At the moment, I'm trying to model a time series in preparation for a multivariate analysis.

The time series comprises tweets per hour for a period of nine weeks. As you can see, and as is to be expected from this kind of data, a daily—seemingly multiplicative—seasonality is evident in the time series (there are less tweets during times where people sleep or typically work):

Plots of time series, ACF and PACF

Consequently, the auto.arima()-function from the forecast::-package yields and ARIMA(2, 0, 0)(2, 1, 0)[24] as the best model for the series:

air_arima <- ts_merged_short %>%
  auto.arima(trace = TRUE, 
             approximation = F, 
             stepwise = F,  
             seasonal = T, 
             lambda = NULL)

Best model: ARIMA(2,0,0)(2,1,0)[24]

Series: . 

  ar1      ar2     sar1     sar2
1.2015  -0.2855  -0.5578  -0.3049
s.e.  0.0250   0.0259   0.0265   0.0274

sigma^2 estimated as 25621:  log likelihood=-9674.21
AIC=19358.42   AICc=19358.46   BIC=19384.95

The model is, however, not adequate at all:

checkresiduals(air_arima, 24)

Ljung-Box test

data:  Residuals from ARIMA(2,0,0)(2,1,0)[24]
Q* = 118.96, df = 20, p-value = 4.441e-16

Model df: 4.   Total lags used: 24

The residuals aren't white noise. Instead, they display serial correlation as well as clusters of volatility:

Analysis of residuals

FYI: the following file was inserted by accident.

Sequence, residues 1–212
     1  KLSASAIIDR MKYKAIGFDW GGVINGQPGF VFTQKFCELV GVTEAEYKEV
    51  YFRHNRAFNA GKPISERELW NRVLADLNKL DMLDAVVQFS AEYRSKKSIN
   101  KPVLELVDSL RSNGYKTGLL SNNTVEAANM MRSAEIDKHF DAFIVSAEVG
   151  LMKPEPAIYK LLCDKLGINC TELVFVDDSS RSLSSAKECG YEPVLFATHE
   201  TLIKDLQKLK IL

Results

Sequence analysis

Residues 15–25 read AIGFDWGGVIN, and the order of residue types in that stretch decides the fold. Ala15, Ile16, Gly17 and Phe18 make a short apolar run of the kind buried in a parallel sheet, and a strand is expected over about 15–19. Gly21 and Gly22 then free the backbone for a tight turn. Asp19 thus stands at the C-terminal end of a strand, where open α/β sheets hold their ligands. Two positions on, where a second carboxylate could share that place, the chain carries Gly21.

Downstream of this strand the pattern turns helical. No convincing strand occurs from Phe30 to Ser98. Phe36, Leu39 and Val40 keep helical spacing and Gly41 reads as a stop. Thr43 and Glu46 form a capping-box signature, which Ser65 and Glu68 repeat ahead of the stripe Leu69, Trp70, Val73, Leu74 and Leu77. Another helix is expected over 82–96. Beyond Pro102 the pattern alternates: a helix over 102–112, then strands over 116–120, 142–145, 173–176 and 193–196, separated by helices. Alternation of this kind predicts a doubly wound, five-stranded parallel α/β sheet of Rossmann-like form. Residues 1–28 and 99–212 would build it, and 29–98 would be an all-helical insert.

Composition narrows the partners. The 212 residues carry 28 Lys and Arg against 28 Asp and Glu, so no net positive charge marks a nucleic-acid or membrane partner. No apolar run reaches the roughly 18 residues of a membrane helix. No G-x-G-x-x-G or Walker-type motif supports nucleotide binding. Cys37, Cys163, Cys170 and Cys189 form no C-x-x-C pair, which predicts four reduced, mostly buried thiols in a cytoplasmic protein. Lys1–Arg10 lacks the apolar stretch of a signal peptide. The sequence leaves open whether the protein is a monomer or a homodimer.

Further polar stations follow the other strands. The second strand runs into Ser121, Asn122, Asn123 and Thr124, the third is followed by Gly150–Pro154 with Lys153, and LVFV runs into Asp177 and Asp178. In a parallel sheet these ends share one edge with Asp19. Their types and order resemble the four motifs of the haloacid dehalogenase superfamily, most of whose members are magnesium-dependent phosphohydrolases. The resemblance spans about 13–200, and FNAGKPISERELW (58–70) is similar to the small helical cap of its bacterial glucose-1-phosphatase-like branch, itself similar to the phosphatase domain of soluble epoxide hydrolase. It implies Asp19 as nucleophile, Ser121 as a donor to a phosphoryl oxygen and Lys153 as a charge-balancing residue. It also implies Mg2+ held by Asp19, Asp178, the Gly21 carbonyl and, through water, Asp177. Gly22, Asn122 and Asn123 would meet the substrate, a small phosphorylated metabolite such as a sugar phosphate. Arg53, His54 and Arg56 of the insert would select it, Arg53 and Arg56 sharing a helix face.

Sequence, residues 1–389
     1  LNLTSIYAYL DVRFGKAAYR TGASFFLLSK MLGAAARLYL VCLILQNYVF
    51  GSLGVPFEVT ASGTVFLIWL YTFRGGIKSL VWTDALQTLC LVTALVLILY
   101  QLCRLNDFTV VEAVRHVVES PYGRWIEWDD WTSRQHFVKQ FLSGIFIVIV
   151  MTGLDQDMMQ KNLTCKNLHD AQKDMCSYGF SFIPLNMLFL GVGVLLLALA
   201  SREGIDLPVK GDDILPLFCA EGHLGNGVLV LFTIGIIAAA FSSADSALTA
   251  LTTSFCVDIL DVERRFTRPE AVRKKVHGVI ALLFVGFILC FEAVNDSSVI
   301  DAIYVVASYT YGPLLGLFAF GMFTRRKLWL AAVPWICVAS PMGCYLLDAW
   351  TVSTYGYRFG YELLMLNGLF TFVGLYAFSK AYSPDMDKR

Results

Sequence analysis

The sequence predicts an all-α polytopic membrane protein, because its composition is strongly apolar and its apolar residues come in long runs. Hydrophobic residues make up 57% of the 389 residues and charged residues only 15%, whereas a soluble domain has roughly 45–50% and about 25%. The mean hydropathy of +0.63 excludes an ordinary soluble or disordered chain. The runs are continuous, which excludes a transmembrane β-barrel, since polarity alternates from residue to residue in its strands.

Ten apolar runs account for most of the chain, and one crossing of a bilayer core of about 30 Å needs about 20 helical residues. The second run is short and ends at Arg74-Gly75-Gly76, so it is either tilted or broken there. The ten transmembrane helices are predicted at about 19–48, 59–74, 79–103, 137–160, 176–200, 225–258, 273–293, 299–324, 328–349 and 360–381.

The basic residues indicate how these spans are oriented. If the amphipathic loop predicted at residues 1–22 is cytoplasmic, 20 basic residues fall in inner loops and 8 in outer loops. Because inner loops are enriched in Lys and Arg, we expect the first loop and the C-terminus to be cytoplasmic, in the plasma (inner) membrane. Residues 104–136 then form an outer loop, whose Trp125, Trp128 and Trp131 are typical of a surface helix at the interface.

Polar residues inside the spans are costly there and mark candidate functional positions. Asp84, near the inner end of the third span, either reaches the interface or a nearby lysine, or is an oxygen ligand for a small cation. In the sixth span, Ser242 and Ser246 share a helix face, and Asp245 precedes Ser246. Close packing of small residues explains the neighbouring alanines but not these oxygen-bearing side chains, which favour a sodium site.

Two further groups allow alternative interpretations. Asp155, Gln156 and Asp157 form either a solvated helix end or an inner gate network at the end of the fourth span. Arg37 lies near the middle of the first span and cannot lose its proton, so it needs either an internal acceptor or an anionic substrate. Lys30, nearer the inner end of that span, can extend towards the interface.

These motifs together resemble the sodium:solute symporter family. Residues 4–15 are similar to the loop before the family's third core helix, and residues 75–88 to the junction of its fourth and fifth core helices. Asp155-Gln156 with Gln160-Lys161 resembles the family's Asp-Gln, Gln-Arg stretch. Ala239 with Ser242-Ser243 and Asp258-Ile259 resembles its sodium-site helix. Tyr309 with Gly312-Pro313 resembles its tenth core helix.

My take from this is that ARIMA modeling is inadequate because it is unable to account for the time series' heteroscedasticity. GARCH-modeling on the other hand might be a sensible choice to accurately model the series.

To produce an adequate ARIMA-GARCH-model, I've looked into the rugarch::-package. Unfortunately, that package doesn't allow seasonal ARIMA-GARCH-models to be estimated, which is unfortunate since the data clearly shows multiplicative seasonality. But over at quantitative finance, someone pointed out that seasonality can be accounted for using the argument external.regressors in ugarchspec—however, they didn't provide details as to how to do it.

I'd therefore much appreciate step-by-step explanations or hint to resources and tutorials on how to fit SARIMA-GARCH models using R.

PS: I've tried Box-Cox-transforming the series—to no avail, except improved AIC and BIC.

  • $\begingroup$ You can use a matrix of dummies in the columns via external.regressors. The dummies would correspond to the different seasons. $\endgroup$ – Richard Hardy Dec 6 '20 at 20:49
  • $\begingroup$ Thanks, @RichardHardy. Could go into further detail as to how to create the appropriate dummies? Do you think it would be an adequate solution to include data from the decompose(x, type = "multiplicative") function as the external regressor to account for said seasonality, or would you deem that to be too imprecise? $\endgroup$ – Christopher Arnold Dec 7 '20 at 22:17

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